Minnesota law enforcement leaders call out change to '48-hour' rule

(FOX 9)

Metro sheriffs and county attorneys came together for a late-evening press conference on Monday at the Minnesota capitol to oppose a proposed change to the state's 48-hour rule.

The 48-hour rule requires inmates to be transferred to a state hospital within 48 hours of a commitment. However, due to a lack of beds and staffing issues, sometimes inmates are left waiting in jail for extended periods. Last year, Anthony Swope was left in Scott County Jail for nearly two months. Currently, in Hennepin County, one inmate has been held in jail for 111 days past the 48-hour rule.

The shortage of beds isn't a new issue, but officials admit it has been exacerbated since the pandemic. Under the proposed change, the 48-hour rule would now start when a bed is made available versus when a commitment is issued.

A joint letter from statewide groups representing Minnesota sheriffs, county attorneys, counties, and social service directors expressed opposition to the bill.

Leaders said the bill "undermines the original protective purpose of the 48-hour rule." Some of those leaders came together Monday evening at the capitol to vocalize their concerns. They worry the change will take the pressure off state authorities to find a bed for people in need of mental health care.

"A small amendment that has huge ramifications has been put in place," said Sheriff Bob Fletcher. "The attorney general's comments today which basically were that 'we have to change the law so we don't keep getting sued.' Has anyone heard anything as silly as that? Public policy should be based upon what's good for the public and what's good for the individuals that we're discussing."

"This is not okay," added Sheriff Dawanna Witt. "This is a rule, a suggestion that is going to make it tough [to get people into facilities]. It ignores what the problem is. The problem is the infrastructure: we need beds, we need staffing and that's where the resources need to be put."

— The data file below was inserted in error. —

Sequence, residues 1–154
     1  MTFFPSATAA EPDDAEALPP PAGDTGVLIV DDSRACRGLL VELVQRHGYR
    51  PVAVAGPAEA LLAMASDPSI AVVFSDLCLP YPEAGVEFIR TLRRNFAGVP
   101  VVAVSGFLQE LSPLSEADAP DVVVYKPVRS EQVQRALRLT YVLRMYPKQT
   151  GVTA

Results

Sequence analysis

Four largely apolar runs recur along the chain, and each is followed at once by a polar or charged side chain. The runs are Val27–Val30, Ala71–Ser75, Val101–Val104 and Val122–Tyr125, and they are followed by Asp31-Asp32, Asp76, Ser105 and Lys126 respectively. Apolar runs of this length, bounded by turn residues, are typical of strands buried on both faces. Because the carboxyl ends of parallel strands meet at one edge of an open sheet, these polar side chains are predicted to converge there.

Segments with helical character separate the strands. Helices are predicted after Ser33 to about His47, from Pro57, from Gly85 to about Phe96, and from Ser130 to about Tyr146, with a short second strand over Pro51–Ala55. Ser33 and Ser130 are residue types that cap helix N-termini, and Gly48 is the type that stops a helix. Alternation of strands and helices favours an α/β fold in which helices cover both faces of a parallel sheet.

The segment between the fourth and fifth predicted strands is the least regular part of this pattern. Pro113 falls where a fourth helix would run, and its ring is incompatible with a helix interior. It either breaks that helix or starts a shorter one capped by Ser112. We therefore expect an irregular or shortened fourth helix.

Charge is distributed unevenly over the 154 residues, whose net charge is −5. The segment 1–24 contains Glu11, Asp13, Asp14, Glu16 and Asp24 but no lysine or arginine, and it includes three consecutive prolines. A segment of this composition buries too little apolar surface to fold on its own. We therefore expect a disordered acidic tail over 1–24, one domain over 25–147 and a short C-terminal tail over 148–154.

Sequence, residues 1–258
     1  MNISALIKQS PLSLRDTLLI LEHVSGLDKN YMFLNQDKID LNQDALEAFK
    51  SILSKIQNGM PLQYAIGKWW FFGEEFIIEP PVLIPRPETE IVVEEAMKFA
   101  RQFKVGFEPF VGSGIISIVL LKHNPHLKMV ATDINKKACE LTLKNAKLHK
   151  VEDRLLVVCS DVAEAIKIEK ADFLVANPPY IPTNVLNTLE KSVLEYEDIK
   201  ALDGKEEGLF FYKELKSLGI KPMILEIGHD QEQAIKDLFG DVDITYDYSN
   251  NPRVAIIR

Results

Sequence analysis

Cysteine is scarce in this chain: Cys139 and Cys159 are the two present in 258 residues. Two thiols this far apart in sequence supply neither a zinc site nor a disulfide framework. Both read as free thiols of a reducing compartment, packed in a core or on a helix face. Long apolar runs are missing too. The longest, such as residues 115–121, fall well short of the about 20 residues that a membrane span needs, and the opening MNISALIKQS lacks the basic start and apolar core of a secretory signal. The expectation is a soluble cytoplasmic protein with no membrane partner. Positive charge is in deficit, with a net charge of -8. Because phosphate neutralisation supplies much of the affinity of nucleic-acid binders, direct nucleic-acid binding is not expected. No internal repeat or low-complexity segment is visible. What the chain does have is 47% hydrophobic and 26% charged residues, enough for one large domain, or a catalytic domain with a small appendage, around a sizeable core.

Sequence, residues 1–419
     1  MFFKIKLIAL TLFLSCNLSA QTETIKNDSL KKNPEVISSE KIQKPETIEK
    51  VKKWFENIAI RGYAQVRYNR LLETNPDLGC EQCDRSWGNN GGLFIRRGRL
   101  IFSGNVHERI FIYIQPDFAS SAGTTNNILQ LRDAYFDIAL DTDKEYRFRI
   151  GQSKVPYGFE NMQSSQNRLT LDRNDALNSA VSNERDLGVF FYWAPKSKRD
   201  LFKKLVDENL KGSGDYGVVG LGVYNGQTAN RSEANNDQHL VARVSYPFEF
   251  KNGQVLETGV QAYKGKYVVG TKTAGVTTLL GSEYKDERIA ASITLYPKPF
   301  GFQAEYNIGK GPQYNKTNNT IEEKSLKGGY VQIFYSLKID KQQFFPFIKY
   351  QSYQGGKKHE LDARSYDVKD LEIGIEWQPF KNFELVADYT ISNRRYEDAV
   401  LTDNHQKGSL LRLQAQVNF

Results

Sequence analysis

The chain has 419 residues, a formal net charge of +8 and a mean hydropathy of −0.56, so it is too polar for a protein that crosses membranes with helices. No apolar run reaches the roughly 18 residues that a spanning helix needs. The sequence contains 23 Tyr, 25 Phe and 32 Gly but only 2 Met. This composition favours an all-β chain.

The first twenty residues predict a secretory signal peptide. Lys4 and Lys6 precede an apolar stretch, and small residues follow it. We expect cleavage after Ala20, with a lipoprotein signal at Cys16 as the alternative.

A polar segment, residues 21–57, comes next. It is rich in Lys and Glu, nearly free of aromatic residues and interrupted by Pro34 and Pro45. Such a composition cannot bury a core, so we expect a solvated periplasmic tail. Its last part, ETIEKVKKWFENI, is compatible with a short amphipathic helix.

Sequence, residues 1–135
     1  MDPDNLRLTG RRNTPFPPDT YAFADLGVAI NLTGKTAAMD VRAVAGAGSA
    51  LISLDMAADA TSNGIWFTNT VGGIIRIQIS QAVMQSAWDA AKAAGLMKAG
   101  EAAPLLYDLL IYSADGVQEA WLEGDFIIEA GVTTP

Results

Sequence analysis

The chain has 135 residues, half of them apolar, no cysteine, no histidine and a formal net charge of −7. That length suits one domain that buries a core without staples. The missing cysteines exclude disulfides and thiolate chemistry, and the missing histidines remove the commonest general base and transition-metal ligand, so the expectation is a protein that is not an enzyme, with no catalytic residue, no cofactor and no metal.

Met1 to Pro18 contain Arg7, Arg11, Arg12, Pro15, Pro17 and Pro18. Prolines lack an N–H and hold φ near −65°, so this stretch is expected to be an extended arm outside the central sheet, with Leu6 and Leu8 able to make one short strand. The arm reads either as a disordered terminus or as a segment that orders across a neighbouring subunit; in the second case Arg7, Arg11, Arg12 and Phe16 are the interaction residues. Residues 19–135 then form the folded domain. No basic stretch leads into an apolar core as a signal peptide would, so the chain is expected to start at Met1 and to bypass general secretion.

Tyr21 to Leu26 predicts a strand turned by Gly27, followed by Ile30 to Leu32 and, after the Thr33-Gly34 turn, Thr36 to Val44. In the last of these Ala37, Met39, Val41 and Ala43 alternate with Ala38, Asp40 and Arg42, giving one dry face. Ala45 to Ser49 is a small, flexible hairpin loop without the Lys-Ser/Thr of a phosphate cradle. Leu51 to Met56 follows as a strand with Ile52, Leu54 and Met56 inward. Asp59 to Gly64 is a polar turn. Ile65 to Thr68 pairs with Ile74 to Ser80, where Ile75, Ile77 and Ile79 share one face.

In a statement before Monday's press conference, Rep. Mohamud Noor (DFL - Minneapolis), the chair of the House Human Services Finance Committee, said he is proposing creating a task force to recommend changes for people facing mental health struggles.

The statement from Rep. Noor reads:

"The 48-hour rule, as it currently stands, is no help to anyone when we do not have enough beds available. The rule is not being removed, but altered, starting the 48-hour ‘clock’ at the time a bed becomes available. Meeting the needs of people with mental illness who are involved in the criminal justice system is a shared responsibility that requires thoughtful solutions that don’t pit stakeholders against each other, or merely shift the responsibilities from one stakeholder to another.

"An immediate but temporary change in the law is necessary to clearly establish when the requirement to admit patients from jails within 48 hours begins. To that end, we are proposing a task force of stakeholders who can then evaluate the impact of the law and make recommendations about how to meet the needs of people with mental illnesses who are involved with the criminal justice system, with recommendations due to the legislature for the 2025 session."

In a statement to FOX 9, the Department of Human Services said: 

"The priority admissions law was a well-intentioned attempt to solve a problem for jails. However, the current law interferes with the clinical judgment of highly trained psychiatrists and other clinical professionals and places DHS in an untenable position because we cannot admit new patients when our facilities are full. Decisions about admissions and patient care must only be made by qualified medical professionals who have the necessary expertise and experience to determine which patients should be admitted to the hospitals based on the severity of their conditions, not their presence in jail. Amending the law as proposed will give a task force time to take a thorough and thoughtful look at how the law has affected individual stakeholders and the mental health system as a whole and to consider whether permanent adjustments to the law are warranted."

As of Tuesday, there are 45 people on the priority admissions waiting list.